Search and Seizure


5 Step process to answering a search and seizure essay question.


1. Does the person have 4th amend. right?

Requirements and steps:

1. Was there was gov't action?

- Police on or off duty are gov't actors.

- Any private individual acting at the direction of the police is gov't action.

- Private police (campus, security guards) do not consitute gov't conduct, unless they are deputized with the power to arrest you. (campus police almost always are deputized)

2. Is there a reasonable expectation of privacy?

- If you don't have it, then you don't standing to object to illegality of search.

3. Did the police have a valid search warrant?

- Probable cause (a fair probability that contraband or evidence of a crime will be found in the area searched) and particularity (warrant must state with particularity the place to be searched and the things to be seized).

Police can rely on hearsay the probable cause they need to get a search warrant.  Can have warrant based on part by anonymous informant.  There is a very strong minority rule that many states will not follow Illinois v. Gates.  More states follow Aguilar, 2 prong: Affidavit based in part on informants tip must: 1. Set forth sufficient underlying facts and circumstances to allow the magistrate to know how the informer got this info. 2. Police must vouch for reliability and credibility of that informant.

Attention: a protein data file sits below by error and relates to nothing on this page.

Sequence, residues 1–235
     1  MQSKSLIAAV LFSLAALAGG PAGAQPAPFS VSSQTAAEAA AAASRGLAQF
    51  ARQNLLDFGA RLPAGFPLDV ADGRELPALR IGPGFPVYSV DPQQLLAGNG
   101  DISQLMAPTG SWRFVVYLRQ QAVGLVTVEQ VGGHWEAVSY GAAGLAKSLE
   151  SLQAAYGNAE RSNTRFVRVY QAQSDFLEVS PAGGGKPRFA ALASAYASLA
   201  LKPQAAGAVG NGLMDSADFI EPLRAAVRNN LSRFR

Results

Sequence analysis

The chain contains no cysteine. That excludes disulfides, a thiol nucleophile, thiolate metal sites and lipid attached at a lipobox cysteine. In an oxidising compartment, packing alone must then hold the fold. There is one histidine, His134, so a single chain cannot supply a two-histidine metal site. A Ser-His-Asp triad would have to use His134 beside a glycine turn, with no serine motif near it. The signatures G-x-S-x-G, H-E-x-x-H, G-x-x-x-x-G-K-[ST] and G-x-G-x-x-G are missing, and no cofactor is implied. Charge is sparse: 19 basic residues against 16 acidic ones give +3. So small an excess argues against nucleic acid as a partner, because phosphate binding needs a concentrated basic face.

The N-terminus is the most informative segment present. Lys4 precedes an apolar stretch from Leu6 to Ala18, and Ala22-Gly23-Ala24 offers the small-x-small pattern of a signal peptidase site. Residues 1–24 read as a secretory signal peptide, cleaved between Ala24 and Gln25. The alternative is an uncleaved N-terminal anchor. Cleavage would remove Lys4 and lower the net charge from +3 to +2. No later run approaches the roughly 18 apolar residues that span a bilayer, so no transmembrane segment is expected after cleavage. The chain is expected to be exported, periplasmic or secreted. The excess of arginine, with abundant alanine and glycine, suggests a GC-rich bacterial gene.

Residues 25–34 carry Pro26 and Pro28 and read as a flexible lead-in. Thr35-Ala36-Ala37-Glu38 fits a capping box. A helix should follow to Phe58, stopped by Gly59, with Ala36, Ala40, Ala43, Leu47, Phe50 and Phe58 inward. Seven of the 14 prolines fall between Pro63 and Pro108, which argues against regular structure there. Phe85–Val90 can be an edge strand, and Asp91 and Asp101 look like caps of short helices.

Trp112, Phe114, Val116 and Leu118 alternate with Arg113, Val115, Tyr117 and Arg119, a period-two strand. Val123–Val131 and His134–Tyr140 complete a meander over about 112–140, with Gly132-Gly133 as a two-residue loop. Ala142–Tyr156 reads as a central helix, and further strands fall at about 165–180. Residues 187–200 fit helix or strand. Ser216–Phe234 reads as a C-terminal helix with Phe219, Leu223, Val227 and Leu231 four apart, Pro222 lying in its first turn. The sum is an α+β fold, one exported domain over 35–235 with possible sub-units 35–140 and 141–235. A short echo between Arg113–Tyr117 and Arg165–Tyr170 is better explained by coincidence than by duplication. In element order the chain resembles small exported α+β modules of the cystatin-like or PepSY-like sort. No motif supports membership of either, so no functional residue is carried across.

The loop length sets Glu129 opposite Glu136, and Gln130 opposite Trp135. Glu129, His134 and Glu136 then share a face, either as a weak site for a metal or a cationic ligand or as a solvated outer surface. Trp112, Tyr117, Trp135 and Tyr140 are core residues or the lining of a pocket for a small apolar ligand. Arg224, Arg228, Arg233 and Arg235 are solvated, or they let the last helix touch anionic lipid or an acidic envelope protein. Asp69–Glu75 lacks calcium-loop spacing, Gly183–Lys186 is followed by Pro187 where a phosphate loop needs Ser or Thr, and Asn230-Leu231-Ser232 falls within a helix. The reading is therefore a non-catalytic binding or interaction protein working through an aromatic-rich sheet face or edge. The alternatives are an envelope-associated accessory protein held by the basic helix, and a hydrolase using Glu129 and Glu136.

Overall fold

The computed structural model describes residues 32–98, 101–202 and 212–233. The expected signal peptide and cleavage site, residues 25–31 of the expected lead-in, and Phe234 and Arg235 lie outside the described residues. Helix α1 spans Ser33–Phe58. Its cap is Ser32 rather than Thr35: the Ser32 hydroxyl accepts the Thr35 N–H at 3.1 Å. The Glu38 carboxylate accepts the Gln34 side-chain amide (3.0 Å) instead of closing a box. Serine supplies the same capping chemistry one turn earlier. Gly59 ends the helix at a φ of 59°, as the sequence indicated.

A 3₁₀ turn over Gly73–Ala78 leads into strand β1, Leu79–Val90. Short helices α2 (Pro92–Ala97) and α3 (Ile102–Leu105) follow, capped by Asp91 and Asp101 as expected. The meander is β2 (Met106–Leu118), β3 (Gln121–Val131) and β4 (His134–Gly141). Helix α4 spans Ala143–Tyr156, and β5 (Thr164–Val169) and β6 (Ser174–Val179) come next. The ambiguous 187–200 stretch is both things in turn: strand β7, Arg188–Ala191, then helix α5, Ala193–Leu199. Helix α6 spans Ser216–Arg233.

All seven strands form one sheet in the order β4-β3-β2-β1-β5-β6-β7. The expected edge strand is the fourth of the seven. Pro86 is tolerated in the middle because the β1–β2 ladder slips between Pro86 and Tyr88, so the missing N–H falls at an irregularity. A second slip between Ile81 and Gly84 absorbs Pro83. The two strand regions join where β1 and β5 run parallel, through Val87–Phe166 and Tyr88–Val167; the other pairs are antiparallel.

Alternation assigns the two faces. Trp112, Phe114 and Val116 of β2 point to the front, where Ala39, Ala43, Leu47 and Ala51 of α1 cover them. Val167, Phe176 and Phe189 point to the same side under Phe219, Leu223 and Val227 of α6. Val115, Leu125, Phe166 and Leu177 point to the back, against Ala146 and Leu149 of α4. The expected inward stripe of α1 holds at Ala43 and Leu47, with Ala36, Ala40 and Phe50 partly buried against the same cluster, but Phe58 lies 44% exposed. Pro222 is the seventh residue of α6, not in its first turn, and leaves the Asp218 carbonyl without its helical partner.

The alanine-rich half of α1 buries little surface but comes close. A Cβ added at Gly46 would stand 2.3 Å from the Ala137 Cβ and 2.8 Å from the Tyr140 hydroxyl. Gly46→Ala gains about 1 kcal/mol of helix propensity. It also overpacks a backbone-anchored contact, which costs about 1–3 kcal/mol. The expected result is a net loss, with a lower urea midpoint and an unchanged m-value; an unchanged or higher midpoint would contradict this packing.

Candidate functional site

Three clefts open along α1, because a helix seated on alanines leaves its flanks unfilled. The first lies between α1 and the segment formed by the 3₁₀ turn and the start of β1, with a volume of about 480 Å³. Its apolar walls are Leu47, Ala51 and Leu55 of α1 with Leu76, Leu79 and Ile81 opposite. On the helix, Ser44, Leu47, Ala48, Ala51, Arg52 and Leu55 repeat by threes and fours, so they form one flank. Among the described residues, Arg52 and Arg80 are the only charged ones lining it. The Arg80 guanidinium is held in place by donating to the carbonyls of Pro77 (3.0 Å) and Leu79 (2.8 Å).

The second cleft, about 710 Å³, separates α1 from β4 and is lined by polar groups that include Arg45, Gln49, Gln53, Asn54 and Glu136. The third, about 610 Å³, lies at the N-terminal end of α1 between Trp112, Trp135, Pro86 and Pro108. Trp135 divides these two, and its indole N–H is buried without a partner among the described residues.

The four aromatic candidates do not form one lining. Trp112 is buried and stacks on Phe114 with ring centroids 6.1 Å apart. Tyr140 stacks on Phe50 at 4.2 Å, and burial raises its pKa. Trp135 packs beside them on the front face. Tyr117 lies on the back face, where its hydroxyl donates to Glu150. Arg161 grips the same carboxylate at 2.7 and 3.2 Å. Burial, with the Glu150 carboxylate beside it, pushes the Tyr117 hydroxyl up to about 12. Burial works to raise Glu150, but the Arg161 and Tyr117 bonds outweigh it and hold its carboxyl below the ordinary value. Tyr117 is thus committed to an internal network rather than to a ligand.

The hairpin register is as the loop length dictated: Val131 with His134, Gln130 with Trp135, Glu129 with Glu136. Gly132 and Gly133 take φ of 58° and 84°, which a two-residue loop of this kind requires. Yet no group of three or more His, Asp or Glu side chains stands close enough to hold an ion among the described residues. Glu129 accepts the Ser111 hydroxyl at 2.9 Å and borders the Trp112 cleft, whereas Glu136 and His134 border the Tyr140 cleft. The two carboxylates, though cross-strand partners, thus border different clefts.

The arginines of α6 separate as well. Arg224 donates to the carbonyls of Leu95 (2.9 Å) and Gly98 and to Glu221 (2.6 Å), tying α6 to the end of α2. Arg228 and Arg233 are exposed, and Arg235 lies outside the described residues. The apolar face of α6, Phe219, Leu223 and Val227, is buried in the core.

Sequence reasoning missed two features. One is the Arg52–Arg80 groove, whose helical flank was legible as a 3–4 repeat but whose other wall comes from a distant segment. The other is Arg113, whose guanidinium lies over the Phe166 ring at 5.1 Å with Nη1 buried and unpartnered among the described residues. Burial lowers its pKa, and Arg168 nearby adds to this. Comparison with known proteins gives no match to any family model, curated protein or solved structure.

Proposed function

If warrant is no good, go to step 4 to see if evidence can be saved in some other warrant:


4. Does the officers good faith reliance save the defective search warrant?

- General rule: Officer's good faith reliance on a search warrant overcomes defects with the probable cause or particularity requirements.

4 exceptions to good faith reliance on defective search warrant:

1. Affidavit underlying the warrant is so lacking in probable cause that no reasonable police officer would have relied on it.

2. Affidavit underlying the warrant is so lacking in particularity that no reasonable police officer would have relied on it.

3. The police officer or prosecutor lied to or mislead the magistrate in seeking the warrant.

4. If the magistrate is biased. (If magistrate is paid per issuance of every warrant.)


Step 5. If warrant is in valid and cannot be saved by good faith defense or police never had a warrant: 6 excceptions to warrant requirement: